Author Posting. © American Geophysical Union, 2019. This article is posted here by permission of American Geophysical Union for personal use, not for redistribution. The definitive version was published in Journal of Geophysical Research-Oceans 124(5), (2019): 2943-2968, doi:10.1029/2019JC015071.
In the Southern Ocean, polynyas exhibit enhanced rates of primary productivity and represent large seasonal sinks for atmospheric CO2. Three contrasting east Antarctic polynyas were visited in late December to early January 2017: the Dalton, Mertz, and Ninnis polynyas. In the Mertz and Ninnis polynyas, phytoplankton biomass (average of 322 and 354 mg chlorophyll a (Chl a)/m2, respectively) and net community production (5.3 and 4.6 mol C/m2, respectively) were approximately 3 times those measured in the Dalton polynya (average of 122 mg Chl a/m2 and 1.8 mol C/m2). Phytoplankton communities also differed between the polynyas. Diatoms were thriving in the Mertz and Ninnis polynyas but not in the Dalton polynya, where Phaeocystis antarctica dominated. These strong regional differences were explored using physiological, biological, and physical parameters. The most likely drivers of the observed higher productivity in the Mertz and Ninnis were the relatively shallow inflow of iron‐rich modified Circumpolar Deep Water onto the shelf as well as a very large sea ice meltwater contribution. The productivity contrast between the three polynyas could not be explained by (1) the input of glacial meltwater, (2) the presence of Ice Shelf Water, or (3) stratification of the mixed layer. Our results show that physical drivers regulate the productivity of polynyas, suggesting that the response of biological productivity and carbon export to future change will vary among polynyas.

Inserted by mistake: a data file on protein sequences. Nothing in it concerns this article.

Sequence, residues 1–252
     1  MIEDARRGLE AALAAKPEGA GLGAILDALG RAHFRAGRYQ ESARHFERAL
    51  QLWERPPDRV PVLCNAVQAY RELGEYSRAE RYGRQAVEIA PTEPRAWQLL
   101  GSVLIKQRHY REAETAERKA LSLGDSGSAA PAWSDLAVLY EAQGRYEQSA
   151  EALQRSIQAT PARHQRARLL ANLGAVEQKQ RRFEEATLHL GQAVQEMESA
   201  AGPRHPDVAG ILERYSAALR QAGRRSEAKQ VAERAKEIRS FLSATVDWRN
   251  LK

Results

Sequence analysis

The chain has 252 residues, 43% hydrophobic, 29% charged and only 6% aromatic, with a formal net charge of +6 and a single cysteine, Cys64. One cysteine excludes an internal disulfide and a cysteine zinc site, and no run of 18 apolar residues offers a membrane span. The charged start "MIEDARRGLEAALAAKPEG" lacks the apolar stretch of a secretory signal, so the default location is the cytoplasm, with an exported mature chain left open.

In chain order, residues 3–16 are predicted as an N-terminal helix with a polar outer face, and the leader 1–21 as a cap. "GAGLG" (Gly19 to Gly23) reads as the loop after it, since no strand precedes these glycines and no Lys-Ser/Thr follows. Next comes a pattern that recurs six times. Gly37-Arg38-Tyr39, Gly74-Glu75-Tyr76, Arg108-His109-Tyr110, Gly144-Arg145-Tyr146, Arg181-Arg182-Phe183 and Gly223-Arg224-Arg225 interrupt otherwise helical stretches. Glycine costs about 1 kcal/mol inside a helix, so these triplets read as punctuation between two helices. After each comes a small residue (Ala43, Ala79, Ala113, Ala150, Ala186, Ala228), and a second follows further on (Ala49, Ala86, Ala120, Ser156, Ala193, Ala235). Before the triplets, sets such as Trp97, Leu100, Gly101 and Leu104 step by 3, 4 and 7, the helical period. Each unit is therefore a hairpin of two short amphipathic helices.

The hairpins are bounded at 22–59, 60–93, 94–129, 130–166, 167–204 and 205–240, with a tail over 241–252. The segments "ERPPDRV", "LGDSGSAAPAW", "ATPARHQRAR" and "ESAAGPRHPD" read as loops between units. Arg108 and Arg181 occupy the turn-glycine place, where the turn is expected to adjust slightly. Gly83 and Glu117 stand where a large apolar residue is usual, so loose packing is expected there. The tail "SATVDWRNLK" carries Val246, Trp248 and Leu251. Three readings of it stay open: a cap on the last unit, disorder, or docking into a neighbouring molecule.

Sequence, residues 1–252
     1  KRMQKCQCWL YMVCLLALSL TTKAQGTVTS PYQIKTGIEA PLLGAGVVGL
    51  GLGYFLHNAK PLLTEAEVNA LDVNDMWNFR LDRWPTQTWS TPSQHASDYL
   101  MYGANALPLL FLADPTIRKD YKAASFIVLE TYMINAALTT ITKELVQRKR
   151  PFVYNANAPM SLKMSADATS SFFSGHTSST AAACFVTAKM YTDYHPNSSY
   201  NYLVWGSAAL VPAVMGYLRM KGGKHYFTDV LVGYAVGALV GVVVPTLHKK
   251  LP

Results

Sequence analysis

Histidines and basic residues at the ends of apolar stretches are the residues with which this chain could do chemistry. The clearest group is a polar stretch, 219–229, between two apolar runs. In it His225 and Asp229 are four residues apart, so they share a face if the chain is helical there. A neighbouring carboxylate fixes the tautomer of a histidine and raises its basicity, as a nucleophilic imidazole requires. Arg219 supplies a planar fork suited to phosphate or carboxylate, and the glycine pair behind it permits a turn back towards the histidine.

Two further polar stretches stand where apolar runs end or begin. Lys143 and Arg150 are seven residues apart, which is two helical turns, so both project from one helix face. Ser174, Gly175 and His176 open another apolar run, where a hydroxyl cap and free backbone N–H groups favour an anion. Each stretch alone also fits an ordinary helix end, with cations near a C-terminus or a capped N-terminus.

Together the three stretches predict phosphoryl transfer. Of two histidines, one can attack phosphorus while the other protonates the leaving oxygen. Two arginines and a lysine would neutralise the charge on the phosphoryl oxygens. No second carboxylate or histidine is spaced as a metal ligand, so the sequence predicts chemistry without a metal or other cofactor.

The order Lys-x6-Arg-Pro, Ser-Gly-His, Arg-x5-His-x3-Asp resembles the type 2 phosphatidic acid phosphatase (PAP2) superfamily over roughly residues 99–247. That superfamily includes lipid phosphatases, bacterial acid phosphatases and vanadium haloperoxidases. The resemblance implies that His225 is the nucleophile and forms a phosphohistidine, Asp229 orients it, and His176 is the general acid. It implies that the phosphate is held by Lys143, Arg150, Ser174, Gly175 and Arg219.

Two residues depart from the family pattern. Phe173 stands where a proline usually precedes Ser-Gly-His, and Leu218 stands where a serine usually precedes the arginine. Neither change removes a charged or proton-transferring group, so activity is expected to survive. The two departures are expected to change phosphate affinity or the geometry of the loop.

This work was cofunded by the Australian Antarctic Division research projects AAS 4131 and 4291. This project was also supported by the Australian Government Cooperative Research Centres Programme through the Antarctic Climate & Ecosystems (ACE CRC). S. Moreau and C. Genovese were supported by the Australian Research Council's Special Research Initiative for Antarctic Gateway Partnership (project ID SR140300001). V. Puigcorbé and M. Roca‐Martí are grateful for the support from Pere Masque and Edith Cowan University. M.C. Arroyo was supported by the Dickhut Fellowship, administered by the Virginia Institute of Marine Science. The authors would like to thank the officers and crew of the R/V Aurora Australis for their logistic support, the CSIRO hydrochemists for their analyses of nutrient concentrations, and E. J. Yang for her microscope analysis of phytoplankton species. We also want to thank two anonymous reviewers for their very good comments on this study. The data presented in this paper are available on the Australian Antarctic Division (AAD) Data Centre at https://data.aad.gov.au/aadc/metadata/metadata_by_parameter.cfm.
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